OP-ED: Money for nothing — but cyber charters aren't free
Remember the 1980s? Ronald Reagan was president, cell phones were the size of walkie-talkies, and the best source of music videos was MTV? If you do, you might recall the song “Money for Nothing” by Dire Straits. It’s about a hard-working guy who delivers and installs heavy appliances. Seeing a music video playing he decides rock musicians get paid huge sums of money without really working.
With apologies to Mark Knopfler and Dire Straits, the same could be said for cyber charter schools in Pennsylvania these days. While public school districts in our state will be facing revenue shortfalls of $1 billion or more as a result of the COVID-19 pandemic, charter schools and cyber charter schools will benefit from pandemic relief measures without any drop in revenue.
Can that be right?
Right or not, it’s happening. Under the recently enacted state budget, charter schools will receive $15 million in state health and safety grants to address COVID-19-related health and safety needs. This is much needed funding for public schools and brick and mortar charter schools that are offering some sort of in-person learning this fall. Here’s the best part. Every individual cyber charter school in Pennsylvania, schools that offer their instruction virtually, stands to receive $90,000 for health and safety needs. Virtual instruction — real money.
Money for nothing?
It gets better. Under the federal Elementary and Secondary School Emergency Relief fund, charter schools are entitled to $71 million in emergency, one-time funds to help schools respond to COVID-19 impacts. OK, this makes sense. Brick and mortar charter schools incurred additional costs transitioning to an alternative learning system after school buildings were closed in March. What doesn’t make sense is this: Of the $71 million, $10 million is going to cyber charter schools. This is 14% of the total for schools that are already 100% online and were allegedly engaged in virtual instruction.
As Mark Knopfler sang, “That ain’t workin’ that’s the way you do it! Get your money for nothing!”
Best of all, at least 26 charter schools, among them cyber charters, were awarded Paycheck Protection Program loans totaling between $24 million and $56 million that may be used for limited purposes such as payroll costs, continuation of health care benefits, interest on mortgage obligations, and rent and utility payments. Given that charter schools are publicly funded schools, the need for these loans should be questioned, especially since charter and cyber schools experienced no loss of revenue due to the pandemic.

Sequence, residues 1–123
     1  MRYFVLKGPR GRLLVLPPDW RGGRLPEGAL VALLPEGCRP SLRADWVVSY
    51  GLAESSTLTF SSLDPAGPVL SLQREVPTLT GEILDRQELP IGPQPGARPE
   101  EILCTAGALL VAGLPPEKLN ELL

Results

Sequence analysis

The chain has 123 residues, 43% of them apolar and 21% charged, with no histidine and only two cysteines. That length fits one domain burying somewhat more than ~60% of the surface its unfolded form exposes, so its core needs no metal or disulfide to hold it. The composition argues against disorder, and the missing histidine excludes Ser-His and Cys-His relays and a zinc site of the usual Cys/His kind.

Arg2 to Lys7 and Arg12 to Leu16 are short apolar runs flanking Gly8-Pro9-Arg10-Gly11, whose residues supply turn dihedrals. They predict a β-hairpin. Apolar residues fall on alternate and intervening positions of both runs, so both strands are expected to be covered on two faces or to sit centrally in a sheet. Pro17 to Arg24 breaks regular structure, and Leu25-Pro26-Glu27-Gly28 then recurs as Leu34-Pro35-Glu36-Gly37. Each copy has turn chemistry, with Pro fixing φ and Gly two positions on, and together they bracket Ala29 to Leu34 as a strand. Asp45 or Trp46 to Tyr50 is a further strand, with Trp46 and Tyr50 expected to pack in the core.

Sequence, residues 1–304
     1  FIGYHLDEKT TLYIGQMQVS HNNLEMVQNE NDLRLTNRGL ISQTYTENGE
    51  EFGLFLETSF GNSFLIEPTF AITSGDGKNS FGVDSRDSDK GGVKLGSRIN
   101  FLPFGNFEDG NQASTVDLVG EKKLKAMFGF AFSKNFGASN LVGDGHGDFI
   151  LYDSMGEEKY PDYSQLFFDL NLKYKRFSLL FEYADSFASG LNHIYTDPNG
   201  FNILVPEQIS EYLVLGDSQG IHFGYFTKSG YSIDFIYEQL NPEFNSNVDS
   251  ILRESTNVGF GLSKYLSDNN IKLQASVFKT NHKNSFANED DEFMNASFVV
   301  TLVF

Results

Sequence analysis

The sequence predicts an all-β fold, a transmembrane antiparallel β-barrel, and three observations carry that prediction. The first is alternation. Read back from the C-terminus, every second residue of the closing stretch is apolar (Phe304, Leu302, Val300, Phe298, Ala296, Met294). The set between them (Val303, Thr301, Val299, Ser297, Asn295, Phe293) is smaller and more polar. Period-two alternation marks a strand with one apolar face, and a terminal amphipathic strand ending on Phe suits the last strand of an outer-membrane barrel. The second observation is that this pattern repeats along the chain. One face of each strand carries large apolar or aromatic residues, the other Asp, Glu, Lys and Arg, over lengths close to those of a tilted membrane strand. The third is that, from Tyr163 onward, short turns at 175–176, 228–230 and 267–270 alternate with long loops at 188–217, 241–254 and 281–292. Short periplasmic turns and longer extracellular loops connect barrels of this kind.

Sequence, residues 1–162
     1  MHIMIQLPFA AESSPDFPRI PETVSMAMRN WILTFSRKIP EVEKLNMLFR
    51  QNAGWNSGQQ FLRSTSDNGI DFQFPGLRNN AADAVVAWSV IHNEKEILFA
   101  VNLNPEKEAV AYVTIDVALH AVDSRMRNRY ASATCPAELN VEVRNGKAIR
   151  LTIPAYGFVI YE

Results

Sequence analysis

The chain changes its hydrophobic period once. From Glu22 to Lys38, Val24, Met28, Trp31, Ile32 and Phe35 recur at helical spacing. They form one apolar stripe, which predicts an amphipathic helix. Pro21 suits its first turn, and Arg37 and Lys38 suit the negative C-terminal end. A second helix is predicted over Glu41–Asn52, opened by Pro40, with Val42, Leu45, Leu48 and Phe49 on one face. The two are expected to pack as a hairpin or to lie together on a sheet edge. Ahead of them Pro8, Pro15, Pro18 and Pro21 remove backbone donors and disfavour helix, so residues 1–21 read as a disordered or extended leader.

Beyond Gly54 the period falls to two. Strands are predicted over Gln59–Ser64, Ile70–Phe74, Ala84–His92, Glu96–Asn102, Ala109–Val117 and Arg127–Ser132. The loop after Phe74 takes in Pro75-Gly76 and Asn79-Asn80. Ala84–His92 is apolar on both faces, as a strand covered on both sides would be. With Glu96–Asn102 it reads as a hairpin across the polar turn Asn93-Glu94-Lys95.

Any single form of relief funding for charter and cyber charter schools may be argued as an attempt to ensure schools can safeguard their students, especially if we don’t think about them. Two factors deserve a closer look at why cyber charters are profiting from this pandemic while public schools are scrambling to keep students and teachers safe, healthy and alive.
First, Act 13 of 2020 ensured that charter and cyber charter schools would receive no less funding than they were entitled to as of the date public schools switched to online education. While Act 13 also guaranteed school districts the same level of state funding, local revenues were significantly decreased due to the pandemic. Public school districts depend on local revenues the way you and I depend on oxygen when we feel like breathing.
Second, 90% of charter school funding comes from mandatory tuition payments from school districts. Those tuition payments are based on the expenses of local school districts from the previous school year, so any impact on school district finances due to the pandemic would take years to impact charter schools.
No one is going to make light of the difficult decisions parents of school-age children have had to make. To send children back to school or not has presented millions of parents with a moral dilemma like no other in recent times. Or does it? From the sound of the commercials parents need not fear, Pennsylvania cyber charter schools are here to save the day.
That’s right. When every dollar counts for trying to keep children and teachers safe, cyber charter schools are running television and radio commercials. Some of these ads still include misleading statements about cyber charters being tuition-free. They aren’t and never were. Money for cyber charter schools is siphoned from our local school district budgets. The invoices school districts receive from cyber charter schools clearly and unmistakably reference tuition, as in “fee for service” and not “free education.”
The saddest truth of the matter is these cyber programs aren’t the rock stars of education by any objective measure. It’s time to stop paying them like they are.
— Richard Robinson lives in Springettsbury Township and is a member of the York Suburban School Board.